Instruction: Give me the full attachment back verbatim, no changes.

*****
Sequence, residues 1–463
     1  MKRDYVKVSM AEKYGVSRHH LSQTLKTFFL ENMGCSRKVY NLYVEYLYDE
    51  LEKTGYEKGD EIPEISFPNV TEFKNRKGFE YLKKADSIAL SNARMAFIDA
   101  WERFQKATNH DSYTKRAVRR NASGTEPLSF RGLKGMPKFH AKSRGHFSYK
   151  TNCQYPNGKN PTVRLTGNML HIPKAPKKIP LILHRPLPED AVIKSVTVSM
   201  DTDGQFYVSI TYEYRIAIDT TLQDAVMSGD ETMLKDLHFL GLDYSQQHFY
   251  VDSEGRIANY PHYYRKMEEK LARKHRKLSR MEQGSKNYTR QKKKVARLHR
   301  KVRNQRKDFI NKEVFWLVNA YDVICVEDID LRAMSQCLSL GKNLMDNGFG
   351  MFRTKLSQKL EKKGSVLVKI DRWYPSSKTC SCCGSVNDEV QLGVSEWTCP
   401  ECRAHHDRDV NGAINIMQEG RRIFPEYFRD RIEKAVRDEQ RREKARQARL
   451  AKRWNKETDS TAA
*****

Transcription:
Sequence, residues 1–463
     1  MKRDYVKVSM AEKYGVSRHH LSQTLKTFFL ENMGCSRKVY NLYVEYLYDE
    51  LEKTGYEKGD EIPEISFPNV TEFKNRKGFE YLKKADSIAL SNARMAFIDA
   101  WERFQKATNH DSYTKRAVRR NASGTEPLSF RGLKGMPKFH AKSRGHFSYK
   151  TNCQYPNGKN PTVRLTGNML HIPKAPKKIP LILHRPLPED AVIKSVTVSM
   201  DTDGQFYVSI TYEYRIAIDT TLQDAVMSGD ETMLKDLHFL GLDYSQQHFY
   251  VDSEGRIANY PHYYRKMEEK LARKHRKLSR MEQGSKNYTR QKKKVARLHR
   301  KVRNQRKDFI NKEVFWLVNA YDVICVEDID LRAMSQCLSL GKNLMDNGFG
   351  MFRTKLSQKL EKKGSVLVKI DRWYPSSKTC SCCGSVNDEV QLGVSEWTCP
   401  ECRAHHDRDV NGAINIMQEG RRIFPEYFRD RIEKAVRDEQ RREKARQARL
   451  AKRWNKETDS TAA